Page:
I suppose that my way isn’t all that environmentally friendly, but it sure feels friendly.

    There was a great column on this topic in the TNN a couple of days ago.

  9. I believe that the vote by mail became popular due to the National races. I remember in the 1980’s when Reagan won that the election was being called at 4:30PM in the afternoon, thus affecting the elections out west.

    I tend to be a libertarian voter (ie. conserviative without the religion) and I like it.

    I find it interesting when I checked the secretary of states website this morning, King County reports that they have zero ballots remaining to submit. I would contend that a county that repeatedly has demonstrated a lack of control of its ballots is ripe for voter fraud. If one contends there is no fraud in King County, then there was no fraud in Florida nor Ohio. Years back I voted in chicago and they have so many people watching your ballot, it would be hard to cheat in that “corrupt” city.

  10. I always find it so puzzling that they can say things like that. How can they have zero ballots remaining to submit, when there are people who mailed theirs on Tuesday. Some of these may take a week to come in. I am also puzzled by people calling the election when there might be so many outstanding. I guess they judge it based on the percentages remaining, but it still doesn’t seem right. I think people call elections too soon and concede too soon.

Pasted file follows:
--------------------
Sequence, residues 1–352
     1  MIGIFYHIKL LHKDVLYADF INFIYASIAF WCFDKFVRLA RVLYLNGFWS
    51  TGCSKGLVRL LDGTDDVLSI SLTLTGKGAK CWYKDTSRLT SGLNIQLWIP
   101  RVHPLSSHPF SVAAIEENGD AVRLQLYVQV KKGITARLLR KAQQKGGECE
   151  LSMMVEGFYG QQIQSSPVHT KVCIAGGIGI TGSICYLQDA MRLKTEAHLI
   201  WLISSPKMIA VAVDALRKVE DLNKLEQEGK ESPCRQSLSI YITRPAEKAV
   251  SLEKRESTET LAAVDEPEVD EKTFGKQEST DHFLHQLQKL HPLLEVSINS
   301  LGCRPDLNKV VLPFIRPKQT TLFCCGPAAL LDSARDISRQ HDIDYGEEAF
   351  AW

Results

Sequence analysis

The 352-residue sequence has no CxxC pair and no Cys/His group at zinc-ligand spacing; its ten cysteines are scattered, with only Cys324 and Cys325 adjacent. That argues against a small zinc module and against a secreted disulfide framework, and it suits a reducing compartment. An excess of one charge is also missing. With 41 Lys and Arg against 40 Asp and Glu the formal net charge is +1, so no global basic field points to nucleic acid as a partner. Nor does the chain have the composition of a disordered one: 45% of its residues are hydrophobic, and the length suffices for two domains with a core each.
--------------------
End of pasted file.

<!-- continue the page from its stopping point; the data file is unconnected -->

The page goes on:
I would have liked to see the presidential candidates for those infamous Florida and Ohio races wait just a little bit longer. I don’t see how it would hurt to double count really close elections.

  11. They did update to 199,000 late yesterday. I get concerned because many people mail them in early and if they do not have a handle on how many they have received, how does King county manage their process.

  12. I voted late because I’ve been extremely busy, but also because I’m used to eleventh hour scandals or revelations which can impact candidacies.

    Plus, dropping it in the ballot box is a hybrid and way to retain some of the ‘old’ way.

  13. I voted early, and then always lament that I should have waited. I always say I will keep track of who calls and vote for the candidate or issue who calls on the phone the least.